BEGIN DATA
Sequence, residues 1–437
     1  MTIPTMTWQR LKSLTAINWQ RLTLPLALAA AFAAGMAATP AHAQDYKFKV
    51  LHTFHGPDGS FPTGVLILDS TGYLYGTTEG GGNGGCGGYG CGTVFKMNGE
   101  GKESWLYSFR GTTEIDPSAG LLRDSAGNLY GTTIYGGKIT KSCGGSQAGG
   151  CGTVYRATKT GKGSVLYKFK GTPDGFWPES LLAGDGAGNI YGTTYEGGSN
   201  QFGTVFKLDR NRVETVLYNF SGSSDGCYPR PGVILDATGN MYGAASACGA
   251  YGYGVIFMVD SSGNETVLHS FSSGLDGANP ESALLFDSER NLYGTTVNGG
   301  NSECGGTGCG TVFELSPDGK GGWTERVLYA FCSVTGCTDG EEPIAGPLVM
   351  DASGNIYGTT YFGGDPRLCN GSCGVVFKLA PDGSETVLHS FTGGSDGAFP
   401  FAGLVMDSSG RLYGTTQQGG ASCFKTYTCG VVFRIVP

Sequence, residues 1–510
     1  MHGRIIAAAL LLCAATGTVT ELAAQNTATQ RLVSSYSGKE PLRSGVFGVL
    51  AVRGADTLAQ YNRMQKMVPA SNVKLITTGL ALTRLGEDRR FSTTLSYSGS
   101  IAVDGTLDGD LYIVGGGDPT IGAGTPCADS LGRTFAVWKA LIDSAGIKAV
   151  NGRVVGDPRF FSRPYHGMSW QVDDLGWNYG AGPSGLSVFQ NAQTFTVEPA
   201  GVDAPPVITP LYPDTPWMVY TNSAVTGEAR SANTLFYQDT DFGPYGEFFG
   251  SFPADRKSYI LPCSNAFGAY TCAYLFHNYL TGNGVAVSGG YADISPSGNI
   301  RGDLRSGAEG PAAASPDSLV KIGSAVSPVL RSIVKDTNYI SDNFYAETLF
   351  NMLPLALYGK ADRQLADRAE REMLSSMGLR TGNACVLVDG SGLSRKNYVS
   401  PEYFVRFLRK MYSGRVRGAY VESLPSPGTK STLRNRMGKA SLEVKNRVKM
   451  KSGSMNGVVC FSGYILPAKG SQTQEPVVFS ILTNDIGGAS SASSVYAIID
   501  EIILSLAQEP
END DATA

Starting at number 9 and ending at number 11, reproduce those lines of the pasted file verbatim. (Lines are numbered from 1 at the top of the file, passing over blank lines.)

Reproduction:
   351  DASGNIYGTT YFGGDPRLCN GSCGVVFKLA PDGSETVLHS FTGGSDGAFP
   401  FAGLVMDSSG RLYGTTQQGG ASCFKTYTCG VVFRIVP

Sequence, residues 1–510